From 1971 to 2006 it was famous and loved as “the hippest trip in America.”
“Soul Train,” created and hosted for most of its long run by Don Cornelius, started as a local dance and entertainment show in Chicago and went national, broadcasting from Los Angeles, in 1971.
It became “must” viewing for a huge number of people for two decades, in the process becoming a television icon.
Nick Cannon, popular actor, TV personality, comedian and husband of superstar Mariah Carey, has announced that “Soul Train” will be returning by way of his production company, NCredible, and air on NBC.
“It means so much for our culture,” said Cannon.
One would be hard-pressed to name any Black recording star who had not appeared on “Soul Train” once or, more likely, many times. A “Soul Train” appearance was symbolic of having “made it.” A number of White acts also performed on the show.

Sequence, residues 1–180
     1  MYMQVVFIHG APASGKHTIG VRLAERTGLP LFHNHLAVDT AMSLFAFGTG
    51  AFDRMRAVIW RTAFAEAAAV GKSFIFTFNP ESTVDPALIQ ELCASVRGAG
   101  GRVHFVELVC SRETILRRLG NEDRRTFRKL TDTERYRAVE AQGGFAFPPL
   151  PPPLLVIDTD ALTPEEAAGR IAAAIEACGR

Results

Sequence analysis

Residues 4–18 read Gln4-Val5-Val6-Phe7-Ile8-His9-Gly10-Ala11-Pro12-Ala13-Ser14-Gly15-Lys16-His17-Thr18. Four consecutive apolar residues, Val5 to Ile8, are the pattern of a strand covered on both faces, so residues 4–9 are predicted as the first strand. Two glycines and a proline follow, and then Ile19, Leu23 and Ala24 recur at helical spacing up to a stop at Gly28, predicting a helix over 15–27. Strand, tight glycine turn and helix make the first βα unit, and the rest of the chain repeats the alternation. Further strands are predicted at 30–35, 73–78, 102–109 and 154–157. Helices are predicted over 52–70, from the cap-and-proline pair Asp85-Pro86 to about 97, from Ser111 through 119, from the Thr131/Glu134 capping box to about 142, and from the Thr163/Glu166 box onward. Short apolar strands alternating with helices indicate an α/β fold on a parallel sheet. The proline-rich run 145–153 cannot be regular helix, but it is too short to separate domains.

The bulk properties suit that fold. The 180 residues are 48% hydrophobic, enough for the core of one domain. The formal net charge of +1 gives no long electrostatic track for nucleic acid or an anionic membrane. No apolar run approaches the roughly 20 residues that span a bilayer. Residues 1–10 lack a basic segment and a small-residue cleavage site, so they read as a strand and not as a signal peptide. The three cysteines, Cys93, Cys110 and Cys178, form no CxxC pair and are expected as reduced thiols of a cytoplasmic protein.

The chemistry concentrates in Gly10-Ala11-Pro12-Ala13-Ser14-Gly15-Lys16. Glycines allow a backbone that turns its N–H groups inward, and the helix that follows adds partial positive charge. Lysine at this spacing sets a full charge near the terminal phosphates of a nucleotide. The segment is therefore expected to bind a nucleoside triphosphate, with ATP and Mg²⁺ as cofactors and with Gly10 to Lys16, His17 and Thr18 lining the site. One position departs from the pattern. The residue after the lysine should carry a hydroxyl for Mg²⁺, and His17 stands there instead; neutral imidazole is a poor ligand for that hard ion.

The syndicators of “Soul Train” targeted 24 markets outside of Chicago to carry the program, but only seven other cities, including Detroit, Atlanta, Houston, Cleveland, Philadelphia, Los Angeles and San Francisco, did initially. But its popularity resulted in all 24 being signed on by the end of the first season.
The dancers were as much a “Soul Train” attraction as the celebrities, probably more so. In fact, some became celebrities themselves.
Don Cornelius decided in mid-1993 that it was time for him to let others host the show. At first there was a guest host each week, but then a switch was made to regular hosts, starting with Mystro Clark, followed by Shemar Moore and Dorian Gregory.